*

Bleak House, Charles DickensUntil then though, I’ve recently embarked on a Dickens reading marathon, and picked Bleak House after stumbling upon it in Francine Prose’s Reading Like a Writer, under Books to be read immediately.

It’s among the two or three Dickens novels I haven’t already read at least once, and it felt like such a fitting read what with the somewhat Dickensian weather we’ve been having lately, and me commuting through London for significantly longer these days. I actually find myself looking forward to my evening train trip, and I’ve only read about 200 pages so far, so that’s really something.

So yup, that’s all I’ve got for now on the reading front. Anything interesting you’re leafing through this autumn?

7 thoughts on “Top of the Pile #29, #30: RAGE, Bleak House

  1. you are quite calm for a hotel guest, and I admire that!
    about the books I’ve been reading lately: a couple of mysteries not worth mentioning, and right now two books in German: Lola auf der Erbse (a book for kids) and “The Loop” by Joe Coomer. The latest is called in German “the parrot, the telephone and the librarian” :)) I have no idea why they didn’t just translate the English title, but that’s something Germans do also for films, just to mess with our minds.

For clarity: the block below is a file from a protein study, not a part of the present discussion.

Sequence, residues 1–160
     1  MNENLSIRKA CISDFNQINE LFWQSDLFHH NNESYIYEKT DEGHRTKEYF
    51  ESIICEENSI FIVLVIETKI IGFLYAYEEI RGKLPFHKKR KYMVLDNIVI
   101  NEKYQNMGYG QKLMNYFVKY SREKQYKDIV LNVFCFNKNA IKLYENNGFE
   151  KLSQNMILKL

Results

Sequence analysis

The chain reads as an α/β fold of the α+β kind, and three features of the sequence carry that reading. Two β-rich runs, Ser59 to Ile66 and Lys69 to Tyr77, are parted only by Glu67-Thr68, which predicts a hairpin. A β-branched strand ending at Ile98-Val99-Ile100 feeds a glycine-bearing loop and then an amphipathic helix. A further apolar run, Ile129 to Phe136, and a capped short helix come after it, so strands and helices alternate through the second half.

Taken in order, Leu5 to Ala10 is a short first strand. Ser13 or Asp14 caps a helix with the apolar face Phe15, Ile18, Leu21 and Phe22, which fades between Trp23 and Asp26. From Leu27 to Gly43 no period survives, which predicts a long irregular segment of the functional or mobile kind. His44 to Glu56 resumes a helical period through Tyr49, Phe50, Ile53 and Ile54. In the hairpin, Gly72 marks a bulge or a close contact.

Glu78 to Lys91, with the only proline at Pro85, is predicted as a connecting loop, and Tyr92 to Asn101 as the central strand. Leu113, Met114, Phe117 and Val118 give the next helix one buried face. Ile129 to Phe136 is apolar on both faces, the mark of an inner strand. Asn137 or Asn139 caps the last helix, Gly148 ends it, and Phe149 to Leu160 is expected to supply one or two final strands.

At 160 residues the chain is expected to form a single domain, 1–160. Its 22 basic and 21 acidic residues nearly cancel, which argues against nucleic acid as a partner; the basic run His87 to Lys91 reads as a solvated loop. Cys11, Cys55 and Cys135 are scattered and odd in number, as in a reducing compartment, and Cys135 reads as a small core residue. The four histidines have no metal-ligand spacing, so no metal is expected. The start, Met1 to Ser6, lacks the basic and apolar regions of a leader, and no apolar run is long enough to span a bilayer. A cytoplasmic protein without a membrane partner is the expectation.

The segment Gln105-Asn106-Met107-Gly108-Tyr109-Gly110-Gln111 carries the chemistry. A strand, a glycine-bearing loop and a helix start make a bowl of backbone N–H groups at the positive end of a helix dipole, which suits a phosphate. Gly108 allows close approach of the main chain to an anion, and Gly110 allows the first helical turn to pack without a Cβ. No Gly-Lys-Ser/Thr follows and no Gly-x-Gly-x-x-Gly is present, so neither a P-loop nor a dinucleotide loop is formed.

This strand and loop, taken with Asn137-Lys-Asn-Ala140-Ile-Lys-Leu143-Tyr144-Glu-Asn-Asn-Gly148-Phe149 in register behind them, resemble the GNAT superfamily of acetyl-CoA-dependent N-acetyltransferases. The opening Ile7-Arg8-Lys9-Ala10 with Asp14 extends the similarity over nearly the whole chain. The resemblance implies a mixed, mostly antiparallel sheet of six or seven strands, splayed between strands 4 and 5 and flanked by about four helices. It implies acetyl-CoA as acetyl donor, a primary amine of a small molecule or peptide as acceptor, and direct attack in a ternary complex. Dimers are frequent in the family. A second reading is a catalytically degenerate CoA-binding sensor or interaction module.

“Lola auf der Erbse” is actually quite a nice book, my daughter bought it, and I wanted to read it with her. So here I am, struggling through German incredibly long words, stuck together like an endless sausage.
    “The Loop” is a bit harder to follow, mostly because the translation is as it usually is: miserable, and it doesn’t make much sense in German. And it’s frustrating, because I’ve read great reviews about this book..

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    • Hahah, I really should read some sausage style German some time soon, I miss it!

      I haven’t done it in years and I’m afraid I’d have to rely on my dictionary for every other word, if not for every longer-than-four-letters word! ๐Ÿ˜€ I always try to read French and Spanish (and of course Romanian and English) writers in their original language, but German is so freaking intimidating! I might play it safe and pick a children’s book to start, maybe give Lola a try? ๐Ÿ™‚

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      • ๐Ÿ˜€ maybe you should start with something smaller, with lots of pictures ๐Ÿ˜›
        but Lola is quite nice, as I told you. is not the usual hollywood style plot, it’s deep enough to make you feel like you are reading a book and not comic strips, but light enough so you can understand the story even if you don’t know all the words.

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  2. I couldn’t read something as depressing as those in a depressing situation. I always have to read opposite books; I mean when I’m on a beach I like reading Jane Eyre (especially when she’s hiding on that cold, cold windowseat) and in winter time I like Our Man in Havana.

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  3. Pingback: This Side Up | London Geek